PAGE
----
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AMR National Action Plan – IMC Alignment

By September 8, 2023No Comments

DHSC is working with a variety of key stakeholders to develop the 2024-2029 AMR National Action Plan for 2024 publication.

The draft proposal contains outcomes and commitment which underpin the high-level objectives which are then intended to be supported by deliverables and actions in more granular detail.

Any comments from stakeholders are being incorporated where appropriate to get expert input to inform the deliverability for sign off at the end of the year. It will be an interactive process with a wide range of different views.

Comments can be made by members of the IMC in writing until 22 September 2023.

The National Action Plan contains some of the IMC’s recommendations, including the holistic approach which is advocated, particularly stewardship, control, and waste management.

At this stage of the process, the plan doesn’t contain any prioritisation but, in partnership with CSOs and other stakeholders, there will be criteria to introduce prioritisation.

They recognise that the commitments in their current form are high level and not in the required level of detail and there are also a number of dependencies that need to be assessed. The intention is that there will be continuous activity over the years that the plan covers and beyond.

The National Action Plan will amplify the narrative internationally with the UN and international stage with other global leaders.

BIVDA and others emphasised the importance of linking therapeutics and diagnostics as they are still siloed.

Regarding approval of innovations and existing products, the group stated that timely approval processes, personalised medicine, and test/drug combinations were assessed with appropriate criteria in a similar manner to the way breast cancer has previously been addressed.

It is also important to distinguish the difference between the use of diagnostics in primary, secondary and tertiary settings, to ensure that there is not a diagnostic gap and that the opportunities are more focused and targeted.

In the IMC white paper, it refers to the MedTech Funding Mandate being prohibitive for diagnostics to qualify and doesn’t contain any microbial technologies.

It was also noted that outside of the National Action Plan, the Long Term Workforce Plan doesn’t mention AMR, with DHSC hoping to link the plan with other national strategies across the board which will have time to have an effect on medical training. The UK has a lot of resources available for e-learning and health development. It was commented that training should be a civic responsibility, like cancer and sepsis. Training should be delivered in combination with educating the public.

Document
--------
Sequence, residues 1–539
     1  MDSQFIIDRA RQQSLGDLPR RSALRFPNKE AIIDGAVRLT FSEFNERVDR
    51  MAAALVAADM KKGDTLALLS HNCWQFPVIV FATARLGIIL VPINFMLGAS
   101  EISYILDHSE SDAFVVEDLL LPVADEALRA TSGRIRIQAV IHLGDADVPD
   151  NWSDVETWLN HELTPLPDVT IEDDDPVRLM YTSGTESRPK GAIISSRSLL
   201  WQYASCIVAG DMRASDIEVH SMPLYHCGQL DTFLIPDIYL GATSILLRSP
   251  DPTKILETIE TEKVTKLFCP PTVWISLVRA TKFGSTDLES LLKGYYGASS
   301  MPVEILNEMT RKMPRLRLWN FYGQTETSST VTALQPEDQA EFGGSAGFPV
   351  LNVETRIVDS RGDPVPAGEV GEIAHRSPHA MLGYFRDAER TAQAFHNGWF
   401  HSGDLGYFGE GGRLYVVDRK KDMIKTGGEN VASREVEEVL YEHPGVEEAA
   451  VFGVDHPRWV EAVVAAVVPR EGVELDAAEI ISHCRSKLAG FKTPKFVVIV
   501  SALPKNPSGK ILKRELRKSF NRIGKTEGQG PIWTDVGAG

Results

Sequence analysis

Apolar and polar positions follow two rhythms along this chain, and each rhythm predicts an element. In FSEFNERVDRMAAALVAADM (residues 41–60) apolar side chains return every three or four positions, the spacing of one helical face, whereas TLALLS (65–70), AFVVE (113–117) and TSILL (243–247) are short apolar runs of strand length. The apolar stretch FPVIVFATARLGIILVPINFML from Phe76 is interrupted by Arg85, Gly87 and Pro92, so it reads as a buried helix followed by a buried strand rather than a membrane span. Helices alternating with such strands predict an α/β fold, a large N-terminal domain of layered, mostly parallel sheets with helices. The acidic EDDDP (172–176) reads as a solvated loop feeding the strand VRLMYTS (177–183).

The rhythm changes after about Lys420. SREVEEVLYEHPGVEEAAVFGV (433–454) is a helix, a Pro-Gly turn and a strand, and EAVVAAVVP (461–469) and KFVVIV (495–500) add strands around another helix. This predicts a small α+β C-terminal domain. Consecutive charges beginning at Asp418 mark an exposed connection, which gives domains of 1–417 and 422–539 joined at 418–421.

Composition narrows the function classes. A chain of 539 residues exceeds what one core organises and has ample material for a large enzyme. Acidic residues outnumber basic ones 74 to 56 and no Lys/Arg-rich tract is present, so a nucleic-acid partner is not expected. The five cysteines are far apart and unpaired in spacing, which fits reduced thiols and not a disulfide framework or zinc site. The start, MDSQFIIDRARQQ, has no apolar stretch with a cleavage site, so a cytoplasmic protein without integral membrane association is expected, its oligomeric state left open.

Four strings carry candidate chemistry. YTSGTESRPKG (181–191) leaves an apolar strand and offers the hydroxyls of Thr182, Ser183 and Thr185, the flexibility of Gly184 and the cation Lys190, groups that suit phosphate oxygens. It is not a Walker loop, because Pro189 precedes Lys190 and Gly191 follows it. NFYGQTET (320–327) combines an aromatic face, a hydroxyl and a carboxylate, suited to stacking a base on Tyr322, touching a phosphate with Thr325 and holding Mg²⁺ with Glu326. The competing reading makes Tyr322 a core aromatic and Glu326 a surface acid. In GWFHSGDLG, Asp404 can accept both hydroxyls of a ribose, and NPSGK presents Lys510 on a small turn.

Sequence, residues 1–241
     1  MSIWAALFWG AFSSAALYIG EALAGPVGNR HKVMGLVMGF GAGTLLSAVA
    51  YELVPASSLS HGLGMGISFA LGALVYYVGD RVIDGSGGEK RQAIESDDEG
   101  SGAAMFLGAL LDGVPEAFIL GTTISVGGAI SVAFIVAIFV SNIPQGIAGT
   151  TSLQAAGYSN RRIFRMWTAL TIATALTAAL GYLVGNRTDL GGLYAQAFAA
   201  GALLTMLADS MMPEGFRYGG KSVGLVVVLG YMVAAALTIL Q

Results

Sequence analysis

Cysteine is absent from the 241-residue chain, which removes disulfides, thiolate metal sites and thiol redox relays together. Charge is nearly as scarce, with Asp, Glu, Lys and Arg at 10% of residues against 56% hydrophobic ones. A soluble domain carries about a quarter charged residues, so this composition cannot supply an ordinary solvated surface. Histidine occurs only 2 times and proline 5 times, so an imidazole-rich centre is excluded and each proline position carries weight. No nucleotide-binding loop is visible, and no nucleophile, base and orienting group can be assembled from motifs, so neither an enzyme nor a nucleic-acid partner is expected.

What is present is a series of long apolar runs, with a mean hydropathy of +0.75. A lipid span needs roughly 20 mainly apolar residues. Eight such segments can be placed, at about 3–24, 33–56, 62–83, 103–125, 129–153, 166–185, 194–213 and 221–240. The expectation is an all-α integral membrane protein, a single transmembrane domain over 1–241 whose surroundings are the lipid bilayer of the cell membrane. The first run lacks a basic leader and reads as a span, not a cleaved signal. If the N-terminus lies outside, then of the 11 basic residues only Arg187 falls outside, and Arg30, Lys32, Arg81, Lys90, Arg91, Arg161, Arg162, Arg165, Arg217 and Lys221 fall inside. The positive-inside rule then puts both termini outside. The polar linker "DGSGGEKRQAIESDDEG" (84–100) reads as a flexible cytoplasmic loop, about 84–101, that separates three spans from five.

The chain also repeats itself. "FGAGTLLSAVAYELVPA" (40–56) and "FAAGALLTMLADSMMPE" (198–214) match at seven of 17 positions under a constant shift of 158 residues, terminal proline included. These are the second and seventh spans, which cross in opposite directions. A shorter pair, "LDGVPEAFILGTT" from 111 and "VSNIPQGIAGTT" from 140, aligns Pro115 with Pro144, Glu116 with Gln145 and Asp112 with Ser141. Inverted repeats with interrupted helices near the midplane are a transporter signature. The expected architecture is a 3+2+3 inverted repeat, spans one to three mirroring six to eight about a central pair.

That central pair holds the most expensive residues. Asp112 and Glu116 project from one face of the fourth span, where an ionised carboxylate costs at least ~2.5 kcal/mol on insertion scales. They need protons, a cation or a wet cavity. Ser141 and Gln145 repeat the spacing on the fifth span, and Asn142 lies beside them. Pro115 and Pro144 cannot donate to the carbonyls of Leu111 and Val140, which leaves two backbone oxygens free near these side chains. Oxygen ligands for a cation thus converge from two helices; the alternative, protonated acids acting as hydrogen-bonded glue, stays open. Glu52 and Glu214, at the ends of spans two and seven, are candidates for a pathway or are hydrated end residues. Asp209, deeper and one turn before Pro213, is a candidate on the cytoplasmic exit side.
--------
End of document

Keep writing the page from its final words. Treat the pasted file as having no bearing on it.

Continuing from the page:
Leads in ICSs are not clearly defined and there is a concern that the structure and funding may not be robust and the time for reflection may not be adequate to report. ICSs are going to be reporting stewardship into Trusts and Boards.

HealthTech appraisals need to generate more evidence of the value of AMR and diagnostics on the overall burden, public efficiency, and social benefit towards the de-linkage model and value-based healthcare.

Understanding the enablement value of infection management is critical and needs to be embedded across diagnostics, therapeutics, technology, and training.

Understanding the baseline of old microbials is required to identify the value of new ones.

There is no standardised dataset across the system and there is real value in understanding mortality rates and infection journeys. AMR needs a Covid-type dashboard for person-centred care and transparency through the pathway.

This isn’t just relevant to AMR, and DHSC have wider areas to look at too.

Patient objectives are expected to be captured through patient advocacy groups, and their engagement for the implementation of the plan is important.

Accountability is needed for each element of the plan and, whilst it requires collaboration in the most part, individuals should also be accountable in order to join up the pieces of who is doing what, and to ensure a legacy beyond party politics.

Alignment is health cost benefits from the treasury and other quality of life guidance is needed as the algorithm is different for AMR.

Equality and Equity aspects also need to be included as there are different infection areas and differing outcomes of blood stream infection, for example. Reference to the Paediatric community is also required as there is different guidance and approach.

The next steps are to continue the stakeholder consultation until 22 September and look towards the development of the deliverables, which will be ad-hoc rather than a full review.

Ben Kemp